Pasco students to see new rules on make-up work, cheating
The continued rise of online education has prompted the Pasco County school district to propose revisions in its student code of conduct to reflect the reality of the medium.
District staff wants to make clear that students are expected to do their own work, and not have someone else sitting at the computer completing the materials. As a result, they're adding to the section on academic integrity a new example of unacceptable behavior: "Willfully or knowingly taking an online course or examination on behalf of another person, or allowing someone to take an online course or examination for you."
Student Services director Melissa Musselwhite explained that the change reflects "what our experiences have been" with virtual schooling, and the desire to curtail it if possible.
Another proposed amendment to the code of conduct aims to clarify the responsibility students have when they've missed school.
In the past, the rules required students to ask teachers for makeup work within two class meetings of an excused absence, and return it within a "reasonable" amount of time determined by the teacher. The recommended new wording offers more flexibility to both students and teachers. It reads:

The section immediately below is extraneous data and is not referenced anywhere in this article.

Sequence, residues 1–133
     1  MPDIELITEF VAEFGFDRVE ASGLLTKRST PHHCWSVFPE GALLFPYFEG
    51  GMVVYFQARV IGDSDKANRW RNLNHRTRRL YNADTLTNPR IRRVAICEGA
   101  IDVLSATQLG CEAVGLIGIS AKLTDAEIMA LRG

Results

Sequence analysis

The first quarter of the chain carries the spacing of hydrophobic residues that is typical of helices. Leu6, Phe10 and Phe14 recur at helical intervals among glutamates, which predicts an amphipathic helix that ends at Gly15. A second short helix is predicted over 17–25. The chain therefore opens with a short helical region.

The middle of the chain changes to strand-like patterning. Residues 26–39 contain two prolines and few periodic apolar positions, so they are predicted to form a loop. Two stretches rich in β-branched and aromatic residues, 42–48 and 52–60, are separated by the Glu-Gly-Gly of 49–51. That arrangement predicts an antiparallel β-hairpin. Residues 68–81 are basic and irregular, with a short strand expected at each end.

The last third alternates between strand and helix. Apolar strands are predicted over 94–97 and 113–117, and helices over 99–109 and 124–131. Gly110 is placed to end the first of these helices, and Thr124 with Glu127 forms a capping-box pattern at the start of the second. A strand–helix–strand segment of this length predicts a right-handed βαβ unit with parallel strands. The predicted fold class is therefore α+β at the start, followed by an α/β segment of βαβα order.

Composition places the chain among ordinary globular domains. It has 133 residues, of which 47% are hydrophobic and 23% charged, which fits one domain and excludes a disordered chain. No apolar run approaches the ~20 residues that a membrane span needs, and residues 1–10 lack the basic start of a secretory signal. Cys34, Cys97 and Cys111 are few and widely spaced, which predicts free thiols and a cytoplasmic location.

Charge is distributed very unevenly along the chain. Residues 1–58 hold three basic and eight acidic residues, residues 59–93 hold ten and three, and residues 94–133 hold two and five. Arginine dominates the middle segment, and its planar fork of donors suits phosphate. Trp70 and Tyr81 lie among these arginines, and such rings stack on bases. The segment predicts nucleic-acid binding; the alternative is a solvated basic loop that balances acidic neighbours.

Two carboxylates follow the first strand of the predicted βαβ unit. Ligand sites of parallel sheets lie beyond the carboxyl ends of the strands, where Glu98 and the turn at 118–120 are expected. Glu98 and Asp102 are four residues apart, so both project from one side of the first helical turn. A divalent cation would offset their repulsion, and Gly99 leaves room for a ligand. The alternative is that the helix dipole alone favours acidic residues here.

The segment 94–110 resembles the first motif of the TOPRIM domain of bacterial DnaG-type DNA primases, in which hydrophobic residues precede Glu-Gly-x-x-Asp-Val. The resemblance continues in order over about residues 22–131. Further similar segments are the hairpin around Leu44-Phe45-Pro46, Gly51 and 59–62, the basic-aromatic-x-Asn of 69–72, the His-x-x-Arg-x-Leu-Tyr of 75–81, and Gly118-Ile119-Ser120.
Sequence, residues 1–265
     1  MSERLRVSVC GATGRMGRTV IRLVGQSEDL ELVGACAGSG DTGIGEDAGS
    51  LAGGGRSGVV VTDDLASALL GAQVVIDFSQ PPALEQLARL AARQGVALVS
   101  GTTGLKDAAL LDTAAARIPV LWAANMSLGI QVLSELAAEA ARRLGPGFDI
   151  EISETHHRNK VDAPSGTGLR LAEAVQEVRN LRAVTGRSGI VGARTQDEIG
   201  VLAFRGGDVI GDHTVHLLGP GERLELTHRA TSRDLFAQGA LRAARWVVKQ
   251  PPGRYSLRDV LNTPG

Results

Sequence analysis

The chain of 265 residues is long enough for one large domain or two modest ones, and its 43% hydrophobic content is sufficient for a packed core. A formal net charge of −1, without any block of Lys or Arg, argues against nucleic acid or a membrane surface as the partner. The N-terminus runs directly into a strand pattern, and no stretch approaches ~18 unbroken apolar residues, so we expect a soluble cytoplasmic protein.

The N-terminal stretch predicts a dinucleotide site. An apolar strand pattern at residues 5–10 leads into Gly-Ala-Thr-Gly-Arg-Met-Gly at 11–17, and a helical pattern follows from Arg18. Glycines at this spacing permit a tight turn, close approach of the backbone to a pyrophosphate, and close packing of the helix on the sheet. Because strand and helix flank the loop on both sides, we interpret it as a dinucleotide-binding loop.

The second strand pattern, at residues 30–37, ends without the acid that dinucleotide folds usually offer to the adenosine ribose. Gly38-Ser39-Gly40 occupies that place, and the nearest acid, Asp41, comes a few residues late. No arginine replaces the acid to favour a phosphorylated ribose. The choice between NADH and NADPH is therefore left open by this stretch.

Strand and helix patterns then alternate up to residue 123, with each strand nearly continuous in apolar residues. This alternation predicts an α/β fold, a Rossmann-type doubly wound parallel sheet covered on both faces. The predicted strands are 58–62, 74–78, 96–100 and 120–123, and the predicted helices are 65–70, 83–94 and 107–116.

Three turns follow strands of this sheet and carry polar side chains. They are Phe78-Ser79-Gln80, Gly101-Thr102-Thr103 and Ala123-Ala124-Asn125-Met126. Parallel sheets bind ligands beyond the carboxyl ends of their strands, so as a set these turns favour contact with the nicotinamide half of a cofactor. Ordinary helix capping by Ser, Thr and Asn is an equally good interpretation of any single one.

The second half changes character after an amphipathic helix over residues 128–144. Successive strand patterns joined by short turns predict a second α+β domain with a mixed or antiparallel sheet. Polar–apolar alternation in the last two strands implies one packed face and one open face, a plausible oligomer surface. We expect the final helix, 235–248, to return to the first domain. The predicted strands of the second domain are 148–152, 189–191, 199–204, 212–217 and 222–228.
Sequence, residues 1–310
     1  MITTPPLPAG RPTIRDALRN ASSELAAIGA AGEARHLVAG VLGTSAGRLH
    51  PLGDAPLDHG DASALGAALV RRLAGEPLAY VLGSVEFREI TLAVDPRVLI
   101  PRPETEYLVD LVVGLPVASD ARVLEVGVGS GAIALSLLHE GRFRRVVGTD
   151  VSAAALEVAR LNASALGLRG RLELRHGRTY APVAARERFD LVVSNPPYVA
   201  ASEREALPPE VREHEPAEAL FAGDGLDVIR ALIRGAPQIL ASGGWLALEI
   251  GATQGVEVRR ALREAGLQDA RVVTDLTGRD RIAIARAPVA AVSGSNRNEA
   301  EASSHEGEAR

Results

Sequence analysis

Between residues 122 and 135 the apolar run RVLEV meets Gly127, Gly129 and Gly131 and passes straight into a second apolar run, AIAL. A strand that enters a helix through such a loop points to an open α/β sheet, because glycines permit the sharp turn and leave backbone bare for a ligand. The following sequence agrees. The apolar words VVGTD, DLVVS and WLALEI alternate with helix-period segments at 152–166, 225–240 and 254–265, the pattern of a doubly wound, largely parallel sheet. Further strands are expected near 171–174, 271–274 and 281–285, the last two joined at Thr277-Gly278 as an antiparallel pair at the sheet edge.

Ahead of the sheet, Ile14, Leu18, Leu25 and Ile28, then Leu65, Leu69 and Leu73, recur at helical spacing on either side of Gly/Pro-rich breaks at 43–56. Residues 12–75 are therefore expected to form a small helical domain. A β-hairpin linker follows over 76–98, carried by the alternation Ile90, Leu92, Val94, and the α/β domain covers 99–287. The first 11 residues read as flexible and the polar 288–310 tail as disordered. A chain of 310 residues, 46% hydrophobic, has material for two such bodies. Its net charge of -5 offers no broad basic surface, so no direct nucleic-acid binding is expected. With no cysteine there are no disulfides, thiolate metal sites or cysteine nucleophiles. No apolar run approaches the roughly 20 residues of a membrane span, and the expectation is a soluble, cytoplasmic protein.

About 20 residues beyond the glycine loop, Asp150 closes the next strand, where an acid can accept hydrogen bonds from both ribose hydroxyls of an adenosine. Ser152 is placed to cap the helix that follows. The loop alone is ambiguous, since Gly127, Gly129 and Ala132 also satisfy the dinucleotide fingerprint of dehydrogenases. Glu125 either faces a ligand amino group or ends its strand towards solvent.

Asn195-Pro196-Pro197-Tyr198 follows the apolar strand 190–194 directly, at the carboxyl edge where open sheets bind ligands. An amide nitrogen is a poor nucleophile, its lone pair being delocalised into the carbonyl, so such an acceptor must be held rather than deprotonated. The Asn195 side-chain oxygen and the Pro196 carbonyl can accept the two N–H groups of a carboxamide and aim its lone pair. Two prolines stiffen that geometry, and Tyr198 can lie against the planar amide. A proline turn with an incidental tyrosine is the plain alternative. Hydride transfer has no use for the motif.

"Students will be given a minimum of two (2) calendar days per day or period of absence to make up all tests, assignments and related work. Students may be given additional time as stipulated on their T/IEP or based on teacher discretion."
The staff does not put forth any alterations to the rules for unexcused absences, after having failed to convince the School Board of such an idea a year ago.
Most of the other suggested changes to the code are less substantive, primarily aimed at cleaning up language, eliminating redundancy or aligning the wording with state law and rules. A few pieces are moved to the district pupil progression plan.
Musselwhite said her office plans to find new ways to circulate the code to parents and students once it's edited and approved, so more people read and understand what's in it. The code is "a most important document that people don't really pay attention to" until it's too late, she said, expressing hope that more families will take the time to go through it.
See the draft document, which the School Board will discuss at a workshop Tuesday, for more details.